EMA has just collected some new data regarding how IT organizations are seeking to assimilate cloud services from a top-down, service management perspective. The data gathered in December of 2010, spanned 155 global respondents with high percentages of executives (better than 50% director and above) – as the goal was to understand how senior management and cross-domain organizations that usually have senior executive leadership are leveraging cloud computing.

While the full report will be available in mid-February at www.enterprisemanagement.com/research/, and a Webinar will be held on February 22nd focusing on the broader implications of the research, read on for some early highlights.

The data on technology adoptions were very powerful.  For example EMA tracked twelve bellwether technologies linked to more mature forms of service management and found significant values in supporting more effective cloud adoption.  For instance, in terms of achieved benefits from cloud:

  • IT organizations with CMDB deployments are:
    • 1.4 times more likely to reduce complexity of management via cloud
    • 1.4 times more likely to improve service resilience via cloud
    • 1.6 times more likely to accelerate deployment of existing services via cloud
    • 1.6 times more likely to accelerate the creation of new services via cloud
    • 1.5 times more likely to increase infrastructure flexibility via cloud
    • 1.7 times more likely to expand revenue channels via cloud

And, to take another bellwether technology:

  • IT organizations with User Experience Management (UEM) are:
    • 1.5 times more likely to reduce complexity of management via cloud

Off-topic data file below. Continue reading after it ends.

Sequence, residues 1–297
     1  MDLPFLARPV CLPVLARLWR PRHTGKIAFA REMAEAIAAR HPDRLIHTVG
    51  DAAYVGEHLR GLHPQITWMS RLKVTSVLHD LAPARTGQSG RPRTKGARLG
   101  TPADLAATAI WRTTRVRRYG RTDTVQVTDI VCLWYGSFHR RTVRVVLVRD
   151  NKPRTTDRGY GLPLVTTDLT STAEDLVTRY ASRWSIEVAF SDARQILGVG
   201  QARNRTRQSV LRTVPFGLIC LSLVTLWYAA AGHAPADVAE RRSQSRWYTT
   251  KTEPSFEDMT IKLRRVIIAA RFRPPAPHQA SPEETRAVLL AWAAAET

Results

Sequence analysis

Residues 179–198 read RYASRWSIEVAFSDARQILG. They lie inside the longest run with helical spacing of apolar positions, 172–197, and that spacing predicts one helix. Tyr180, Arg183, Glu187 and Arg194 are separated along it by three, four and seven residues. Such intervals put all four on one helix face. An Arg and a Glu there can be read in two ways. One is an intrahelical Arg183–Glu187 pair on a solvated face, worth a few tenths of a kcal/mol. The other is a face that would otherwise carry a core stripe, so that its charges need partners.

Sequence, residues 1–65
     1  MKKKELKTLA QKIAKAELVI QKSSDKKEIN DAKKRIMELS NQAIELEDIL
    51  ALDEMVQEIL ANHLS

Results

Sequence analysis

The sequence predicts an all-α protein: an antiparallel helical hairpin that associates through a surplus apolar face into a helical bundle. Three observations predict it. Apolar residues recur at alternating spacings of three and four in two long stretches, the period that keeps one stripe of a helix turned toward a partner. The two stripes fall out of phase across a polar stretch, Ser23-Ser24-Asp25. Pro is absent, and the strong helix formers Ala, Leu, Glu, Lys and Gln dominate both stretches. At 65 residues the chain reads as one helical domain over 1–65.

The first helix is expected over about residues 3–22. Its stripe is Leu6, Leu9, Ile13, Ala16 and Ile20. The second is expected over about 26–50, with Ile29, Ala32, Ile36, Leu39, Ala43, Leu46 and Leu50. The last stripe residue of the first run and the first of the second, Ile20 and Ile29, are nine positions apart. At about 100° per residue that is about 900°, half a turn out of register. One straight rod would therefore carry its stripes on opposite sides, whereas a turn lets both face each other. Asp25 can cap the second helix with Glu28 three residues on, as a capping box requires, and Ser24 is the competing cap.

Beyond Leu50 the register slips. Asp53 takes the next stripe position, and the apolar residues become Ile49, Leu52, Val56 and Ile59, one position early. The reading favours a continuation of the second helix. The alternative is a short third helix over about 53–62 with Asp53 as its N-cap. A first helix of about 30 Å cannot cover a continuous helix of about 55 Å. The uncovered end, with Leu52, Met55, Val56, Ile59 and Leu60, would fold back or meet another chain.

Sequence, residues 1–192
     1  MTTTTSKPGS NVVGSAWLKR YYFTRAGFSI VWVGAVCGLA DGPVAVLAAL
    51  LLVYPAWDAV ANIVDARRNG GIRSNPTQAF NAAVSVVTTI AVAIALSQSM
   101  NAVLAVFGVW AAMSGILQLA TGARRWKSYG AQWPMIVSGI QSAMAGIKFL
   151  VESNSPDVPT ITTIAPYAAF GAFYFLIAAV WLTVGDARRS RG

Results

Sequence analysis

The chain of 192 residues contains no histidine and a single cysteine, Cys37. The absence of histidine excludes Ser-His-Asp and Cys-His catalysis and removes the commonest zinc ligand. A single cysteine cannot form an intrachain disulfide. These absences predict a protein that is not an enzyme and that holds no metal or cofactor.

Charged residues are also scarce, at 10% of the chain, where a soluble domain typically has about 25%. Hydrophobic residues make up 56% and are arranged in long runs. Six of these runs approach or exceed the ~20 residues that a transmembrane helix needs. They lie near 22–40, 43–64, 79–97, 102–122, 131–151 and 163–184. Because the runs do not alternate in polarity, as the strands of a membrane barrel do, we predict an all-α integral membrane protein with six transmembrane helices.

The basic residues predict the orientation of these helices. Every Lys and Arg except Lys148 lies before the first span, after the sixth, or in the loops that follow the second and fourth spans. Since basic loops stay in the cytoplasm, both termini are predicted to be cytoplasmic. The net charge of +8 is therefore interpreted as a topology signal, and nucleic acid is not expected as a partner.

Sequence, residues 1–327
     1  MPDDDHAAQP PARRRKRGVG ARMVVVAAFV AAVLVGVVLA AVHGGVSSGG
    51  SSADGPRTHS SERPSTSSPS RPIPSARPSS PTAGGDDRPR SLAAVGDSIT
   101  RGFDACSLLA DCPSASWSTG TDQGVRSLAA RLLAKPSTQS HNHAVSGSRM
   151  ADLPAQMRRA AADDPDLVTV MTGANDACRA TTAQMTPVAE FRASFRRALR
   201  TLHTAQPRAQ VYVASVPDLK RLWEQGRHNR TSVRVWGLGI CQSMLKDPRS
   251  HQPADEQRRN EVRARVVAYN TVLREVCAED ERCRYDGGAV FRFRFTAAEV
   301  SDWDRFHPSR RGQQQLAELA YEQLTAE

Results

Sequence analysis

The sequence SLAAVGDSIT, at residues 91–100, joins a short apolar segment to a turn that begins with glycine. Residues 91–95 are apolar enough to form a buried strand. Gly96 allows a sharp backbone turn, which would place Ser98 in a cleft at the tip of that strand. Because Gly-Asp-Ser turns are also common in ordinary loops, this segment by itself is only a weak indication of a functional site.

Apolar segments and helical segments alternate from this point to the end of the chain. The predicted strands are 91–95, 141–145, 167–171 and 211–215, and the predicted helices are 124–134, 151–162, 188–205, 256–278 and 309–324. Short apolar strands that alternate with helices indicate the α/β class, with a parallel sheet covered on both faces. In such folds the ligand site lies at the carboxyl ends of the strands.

• 1.4 times more likely to reduce operational costs via cloud
    • 1.4 times more likely to accelerate deployment of existing services via cloud
    • 1.5 times more likely to increase infrastructure flexibility via cloud
    • 1.8 times more likely to expand revenue channels via cloud

Similar patterns arose when EMA compared IT organizations with “cross-domain service management organizations” and those without.  Checkout BSMDigest for those insights at www.bsmdigest.com/cloud-computing-and-the-rise-of-cross-domain-service-management.

The truth will always remain that cloud itself will always be a messy concept with internal and external options across SaaSIaaS, and PaaS services – that may or may not perfectly meet NIST or other industry definitions.

Nevertheless, the real values in assimilating cloud capabilities can be dramatic—with very high satisfaction rates across a long list of achieved benefits including those centered in cost efficiencies, superior infrastructure and service resiliency, and accelerated capabilities to provision new and existing services.

Cloud has also become a surprisingly consistent force in driving changes within IT –in particular promoting more engagement with business clients and more cross-domain management directions so central to, among other things, ITIL best practices.  The clear “we/them” relationship in effective cloud adoption between those organizations with cross-domain services versus those without is telling here.  And the differences are at least as striking when it comes to those IT organizations with key bellwether service management technologies and those without.

EMA anticipates that within two to five years, cloud adoptions will continue to grow in importance as options, rather than endgames, in support of strong service management organizations.  Similarly, cloud service providers are likely to segregate between those content to “mass market” commodity services for smaller businesses and startups at lower costs, and those willing to partner strategically with mid-tier and larger businesses to provide the shared visibility, control, security and responsiveness that is needed for effective optimization across hybrid (cloud/non-cloud) environments.

Update 2/17/2011:  These are just a few observations from the Operationalizing Cloud research.  To put it succinctly this blog is a light summary of seventy-eight slides that are themselves summaries of thousands of pages of analysis.  I’ll be hitting the highlights (30 not 78 slides) in a Webinar on Tuesday, February 22 – i.e., next week.